Ample research supports using visual schedules in the classroom as proactive whole-class behavior management. Visual Schedules are well supported by evidence to support a student with ADHD in the classroom environment. Most agree that posting the day’s schedule is a common teaching practice in general education.
We all use a schedule. We just call them by different names. Teachers use plan books, high-powered office executives use agendas, and travelers follow Itineraries. I can not go a day without my monthly calendar, day planner, and to-do list. The thought of remaining somewhere for 7 hours without a detailed breakdown of the upcoming events gives me anxiety. There is no possible way I would be able to focus on “now” if I didn’t know what was coming “next.”
Many General Education Teachers Find Them Ineffective
It is mind-blowing how often I observe classrooms that are not using visual schedules effectively or not using them at all. So why in the world would a teacher not use this proactive piece of gold?
While using a Visual Schedule appears simple, there are multiple elements to this skilled intervention that, when systematically considered, will make or break its effectiveness.
This post will provide the school-based practitioner with the tools needed to collaborate with the classroom teacher to co-design an effective Visual Schedule. In addition, the reader will learn 8 critical design elements for designing and implementing a visual schedule that best meets the needs of the specific learner(s) to facilitate improved occupational performance in the classroom environment.
When we collaboratively design the visual schedule with the classroom teacher, teachers are more likely to implement and adopt the intervention as part of their everyday practice.
Benefits of A Visual Schedule
Visual Schedules have numerous benefits, including:
- Provides a clear external structure for the school day with a fixed reference point.
- Provides the entire class with clarity, safety, and consistency.
- Reduces stress & anxiety about the order of events or activities.
- Reduces the need for repetitive teacher prompting.
- Helps students sequence predictable events.
- Increases predictability of the session/day.
- Increases independence and self-efficacy.
- Facilitates teaching and learning of transition behaviors
- Supports retention & recall of information
- Increase engagement and on-task behaviors for all students
- Support planning and organization
Visual Schedules Support Executive Function
Visual schedules support and scaffold weakness in the executive functions common to learners with ADHD.
Working memory: Visual schedules support working memory by providing a concrete example of verbal directions therefore reducing the cognitive load. Visuals are a permanent representation of verbal information that naturally allows for language processing differences. Visual schedules help kids see what you mean and are transferable between environments and people.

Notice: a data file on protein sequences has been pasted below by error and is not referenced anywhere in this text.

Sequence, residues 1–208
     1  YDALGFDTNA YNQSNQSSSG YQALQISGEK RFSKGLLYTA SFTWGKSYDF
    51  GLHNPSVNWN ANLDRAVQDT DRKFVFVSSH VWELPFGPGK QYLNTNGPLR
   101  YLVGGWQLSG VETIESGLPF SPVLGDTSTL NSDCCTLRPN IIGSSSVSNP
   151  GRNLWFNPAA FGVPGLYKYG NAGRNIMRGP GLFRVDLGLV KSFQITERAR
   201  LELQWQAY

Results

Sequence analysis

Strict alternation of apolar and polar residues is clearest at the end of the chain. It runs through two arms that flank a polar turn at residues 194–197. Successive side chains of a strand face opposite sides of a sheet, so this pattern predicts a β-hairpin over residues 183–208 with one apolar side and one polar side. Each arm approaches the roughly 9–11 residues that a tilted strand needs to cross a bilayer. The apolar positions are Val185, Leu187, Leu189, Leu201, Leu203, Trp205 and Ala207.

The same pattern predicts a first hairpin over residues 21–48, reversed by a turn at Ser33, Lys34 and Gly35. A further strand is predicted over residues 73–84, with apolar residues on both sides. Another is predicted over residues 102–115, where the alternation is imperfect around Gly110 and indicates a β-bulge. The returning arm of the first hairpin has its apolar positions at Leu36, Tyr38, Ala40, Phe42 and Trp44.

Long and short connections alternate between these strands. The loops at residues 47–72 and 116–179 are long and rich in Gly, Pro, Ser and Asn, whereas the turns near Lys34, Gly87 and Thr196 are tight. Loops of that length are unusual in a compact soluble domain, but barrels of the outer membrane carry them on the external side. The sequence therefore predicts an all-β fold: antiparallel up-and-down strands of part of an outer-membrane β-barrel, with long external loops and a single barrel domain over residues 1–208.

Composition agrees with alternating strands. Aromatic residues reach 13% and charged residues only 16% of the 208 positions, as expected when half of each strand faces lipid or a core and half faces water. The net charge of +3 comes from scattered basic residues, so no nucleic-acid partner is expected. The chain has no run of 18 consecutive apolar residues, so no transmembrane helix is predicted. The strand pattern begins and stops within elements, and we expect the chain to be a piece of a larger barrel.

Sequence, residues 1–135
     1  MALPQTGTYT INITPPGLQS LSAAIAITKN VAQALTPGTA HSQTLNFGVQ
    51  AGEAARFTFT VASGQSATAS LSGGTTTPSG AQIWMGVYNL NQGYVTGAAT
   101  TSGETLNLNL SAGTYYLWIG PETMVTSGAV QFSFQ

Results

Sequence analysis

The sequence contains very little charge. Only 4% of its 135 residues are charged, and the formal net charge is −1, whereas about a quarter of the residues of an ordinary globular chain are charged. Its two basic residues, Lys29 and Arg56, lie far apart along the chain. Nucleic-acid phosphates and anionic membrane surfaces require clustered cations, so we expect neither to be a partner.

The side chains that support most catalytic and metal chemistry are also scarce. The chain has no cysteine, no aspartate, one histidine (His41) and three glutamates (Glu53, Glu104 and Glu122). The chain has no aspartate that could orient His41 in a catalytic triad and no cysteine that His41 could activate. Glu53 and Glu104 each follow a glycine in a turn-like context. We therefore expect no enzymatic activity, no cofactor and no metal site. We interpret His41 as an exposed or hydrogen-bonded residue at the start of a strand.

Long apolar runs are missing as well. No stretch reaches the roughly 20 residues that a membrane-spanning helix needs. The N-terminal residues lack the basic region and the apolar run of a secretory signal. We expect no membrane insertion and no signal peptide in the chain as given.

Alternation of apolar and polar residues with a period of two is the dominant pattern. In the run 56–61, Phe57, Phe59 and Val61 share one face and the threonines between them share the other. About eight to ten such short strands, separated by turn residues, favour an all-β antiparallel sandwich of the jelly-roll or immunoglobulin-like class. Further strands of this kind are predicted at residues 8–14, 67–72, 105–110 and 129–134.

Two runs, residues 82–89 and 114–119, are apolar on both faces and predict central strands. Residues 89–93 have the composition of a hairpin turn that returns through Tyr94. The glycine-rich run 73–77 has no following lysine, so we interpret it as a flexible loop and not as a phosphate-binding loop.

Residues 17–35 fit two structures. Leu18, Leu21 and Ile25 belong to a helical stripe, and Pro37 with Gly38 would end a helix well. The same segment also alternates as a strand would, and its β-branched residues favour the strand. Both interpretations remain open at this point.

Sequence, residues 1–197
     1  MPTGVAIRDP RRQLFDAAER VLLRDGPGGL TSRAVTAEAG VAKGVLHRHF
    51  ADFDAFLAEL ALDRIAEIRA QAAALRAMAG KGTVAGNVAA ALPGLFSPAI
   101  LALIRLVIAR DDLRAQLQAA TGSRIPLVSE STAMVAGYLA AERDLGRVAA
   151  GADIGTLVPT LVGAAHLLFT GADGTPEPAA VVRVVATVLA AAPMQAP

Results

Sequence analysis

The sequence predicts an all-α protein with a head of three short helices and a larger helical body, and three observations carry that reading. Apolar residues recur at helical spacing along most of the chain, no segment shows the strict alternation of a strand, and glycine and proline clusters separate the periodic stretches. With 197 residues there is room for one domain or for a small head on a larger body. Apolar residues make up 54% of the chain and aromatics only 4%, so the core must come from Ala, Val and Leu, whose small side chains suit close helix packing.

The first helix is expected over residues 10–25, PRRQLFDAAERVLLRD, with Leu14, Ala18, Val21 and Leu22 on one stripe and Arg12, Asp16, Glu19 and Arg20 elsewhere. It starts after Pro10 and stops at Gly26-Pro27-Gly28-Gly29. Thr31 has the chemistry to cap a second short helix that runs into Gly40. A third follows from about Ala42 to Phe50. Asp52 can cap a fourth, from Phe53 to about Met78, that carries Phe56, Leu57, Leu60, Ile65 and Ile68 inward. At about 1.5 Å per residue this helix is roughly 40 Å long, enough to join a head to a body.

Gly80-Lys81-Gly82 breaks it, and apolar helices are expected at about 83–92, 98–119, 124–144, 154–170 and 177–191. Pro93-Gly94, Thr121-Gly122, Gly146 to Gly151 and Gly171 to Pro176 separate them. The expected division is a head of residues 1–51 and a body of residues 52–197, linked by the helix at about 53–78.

Cognitive Flexibility: Visual schedules support cognitive flexibility by providing a visual of what is coming up next. Visual schedules soften transitions making them expected and easier to tolerate.
Time Processing/Management: Visual schedules support time processing/management by providing an external representation of the time horizon. They foster independence and scaffold responsibility and planning. Visual schedules are commonly cited by research to decrease work completion times.
Response Inhibition: Visual schedules support response inhibition by reducing internal distractions and providing clear expectations and steps of a task. A visual schedule gives structure to unstructured events. “They provide predictability to the day, reducing disruptive behaviors in classrooms “(1)
Self Regulation: Visual schedule supports self-regulation by reducing anxiety and conflict. Visuals are neutral. They do not convert tone or invite power struggle.
Visual Schedule Components – Not as Simple as it Looks
Visual support for learning is part of the Structured Teaching methodology that emphasizes the importance of predictability and flexible routines in the classroom setting. They are most effective when designed to match the student’s strengths and needs.
There are 8 critical design elements that determine the effectiveness of a visual schedule.
- The type of visual schedule ( whole class, individualized, task, routine)
- The location where the schedule will be displayed
- The form of representation used in the schedule
- The length of the schedule
- The presentation format
- The method of manipulating the schedule.
- The method to initiate schedule use
- The frequency of schedule review
One or all of these components can be adjusted to improve the effectiveness of an existing schedule that “is not working.” Therapists can use the attached download, based on the work of Hume, K., & Smith, S. (2009), to design a schedule and check the implementation fidelity of existing schedules.